ACEC status for river

Posted
Saturday, January 31
Environmentalists, officials and concerned citizens have succeeded in making the case for granting the Housatonic River and about 12,000 surrounding acres a special environmental designation and the state should grant it without hesitation. With the federal Environmental Protection Agency expected to announce its cleanup plan for the river below Pittsfield some time this spring, this designation will offer protection against the plan should it be little or no better than the cure.

Save the Housatonic, a coalition of environmental and conservation groups, wants the river and surrounding land in Pittsfield, Lee, Lenox and Washington to be defined as an area of critical environmental concern, or ACEC. At a well-attended hearing Thursday night, groups like the Berkshire Natural Resources Council and the Berkshire County League of Sportsmen expressed concern that the original PCB cleanup plan offered by General Electric could do considerable harm to the river and nearby acreage. While the EPA showed no enthusiasm for the GE plan, concerns that the agency won't adequately protect the river or consider alternative cleanup methods spurred the pursuit of an ACEC designation.

What succeeded as a cleanup strategy for the river and its banks in urban Pittsfield won't work for the remainder of Berkshire County, yet GE offered a one size fits all proposal that failed to take these dramatic differences into consideration. It included significant dredging and even a landfill, a non-starter given the controversy over the landfill in Pittsfield's Allendale neighborhood. The potential impact of such a cleanup on Lenox residents prompted the Board of Selectmen and the Planning Board to recommend granting of the environmental designation last week.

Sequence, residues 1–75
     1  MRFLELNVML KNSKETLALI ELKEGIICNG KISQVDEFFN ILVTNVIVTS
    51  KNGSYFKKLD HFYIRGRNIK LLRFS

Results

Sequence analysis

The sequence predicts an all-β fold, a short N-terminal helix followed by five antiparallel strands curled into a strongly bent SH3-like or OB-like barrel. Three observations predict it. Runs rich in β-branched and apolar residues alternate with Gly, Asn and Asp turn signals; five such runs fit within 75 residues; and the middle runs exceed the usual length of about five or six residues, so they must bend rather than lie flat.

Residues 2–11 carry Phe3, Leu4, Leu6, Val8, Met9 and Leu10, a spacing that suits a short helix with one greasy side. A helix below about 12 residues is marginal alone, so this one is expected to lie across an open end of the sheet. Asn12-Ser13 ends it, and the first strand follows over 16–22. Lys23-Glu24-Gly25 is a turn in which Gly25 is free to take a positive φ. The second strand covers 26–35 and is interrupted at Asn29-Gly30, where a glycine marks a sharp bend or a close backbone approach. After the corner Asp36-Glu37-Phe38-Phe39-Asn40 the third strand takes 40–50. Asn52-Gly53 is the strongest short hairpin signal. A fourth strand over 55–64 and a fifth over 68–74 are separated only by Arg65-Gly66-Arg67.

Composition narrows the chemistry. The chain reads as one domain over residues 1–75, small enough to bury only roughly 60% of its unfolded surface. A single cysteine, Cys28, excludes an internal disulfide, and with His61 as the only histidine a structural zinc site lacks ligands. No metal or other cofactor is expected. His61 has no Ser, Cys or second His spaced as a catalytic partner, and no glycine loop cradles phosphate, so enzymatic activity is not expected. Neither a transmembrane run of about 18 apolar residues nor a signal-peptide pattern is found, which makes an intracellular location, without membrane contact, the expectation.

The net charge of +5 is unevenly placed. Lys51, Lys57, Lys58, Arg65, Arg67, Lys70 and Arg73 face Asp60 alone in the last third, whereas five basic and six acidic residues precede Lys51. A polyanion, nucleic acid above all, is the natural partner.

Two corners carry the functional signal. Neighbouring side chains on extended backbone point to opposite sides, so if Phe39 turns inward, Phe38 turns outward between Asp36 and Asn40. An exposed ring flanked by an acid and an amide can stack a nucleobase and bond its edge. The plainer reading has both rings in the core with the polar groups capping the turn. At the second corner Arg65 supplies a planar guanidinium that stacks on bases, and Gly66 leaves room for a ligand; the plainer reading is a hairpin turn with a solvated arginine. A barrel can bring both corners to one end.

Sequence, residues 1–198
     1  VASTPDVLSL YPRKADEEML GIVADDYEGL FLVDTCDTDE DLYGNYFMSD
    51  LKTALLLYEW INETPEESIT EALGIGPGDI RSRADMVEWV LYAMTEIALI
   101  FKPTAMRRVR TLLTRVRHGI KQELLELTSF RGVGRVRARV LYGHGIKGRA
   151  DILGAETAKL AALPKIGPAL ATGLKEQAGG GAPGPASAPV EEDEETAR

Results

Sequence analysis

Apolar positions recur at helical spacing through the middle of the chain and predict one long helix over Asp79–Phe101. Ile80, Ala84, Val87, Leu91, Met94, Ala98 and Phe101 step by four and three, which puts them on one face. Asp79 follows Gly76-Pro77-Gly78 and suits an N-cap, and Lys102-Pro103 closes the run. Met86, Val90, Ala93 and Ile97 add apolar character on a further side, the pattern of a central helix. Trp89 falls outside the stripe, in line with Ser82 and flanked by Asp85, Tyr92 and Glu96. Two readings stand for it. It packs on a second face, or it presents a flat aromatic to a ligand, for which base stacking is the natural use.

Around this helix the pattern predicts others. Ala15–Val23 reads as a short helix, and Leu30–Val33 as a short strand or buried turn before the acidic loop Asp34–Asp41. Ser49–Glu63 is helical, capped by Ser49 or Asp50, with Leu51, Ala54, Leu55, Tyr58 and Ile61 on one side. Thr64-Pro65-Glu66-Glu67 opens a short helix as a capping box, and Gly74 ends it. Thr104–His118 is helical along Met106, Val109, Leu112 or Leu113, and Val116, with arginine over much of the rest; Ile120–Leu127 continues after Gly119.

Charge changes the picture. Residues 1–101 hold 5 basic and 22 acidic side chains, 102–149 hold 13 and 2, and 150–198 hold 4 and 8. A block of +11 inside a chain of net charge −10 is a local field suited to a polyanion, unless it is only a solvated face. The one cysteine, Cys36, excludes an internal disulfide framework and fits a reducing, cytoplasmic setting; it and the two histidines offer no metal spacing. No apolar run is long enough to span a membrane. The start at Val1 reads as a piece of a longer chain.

Concerns were expressed at Thursday's hearing that the ACEC designation would hinder economic development within the area, but we see the designation as another line of defense against inappropriate development. Business and industry that already pass muster with boards and agencies with jurisdiction in this area should have no trouble satisfying the requirements of the ACEC.

This pristine section of the Housatonic River, with its appeal to fishermen and sportsmen, its importance to migratory birds and other forms of wildlife, its natural beauty and environmental significance, personifies what the Berkshires mean to residents and tourists alike. It more than deserves this extra level of protection in light of the potential impact of a cleanup, and we urge the state Executive Office of Energy and Environmental Affairs to provide it, and without delay.


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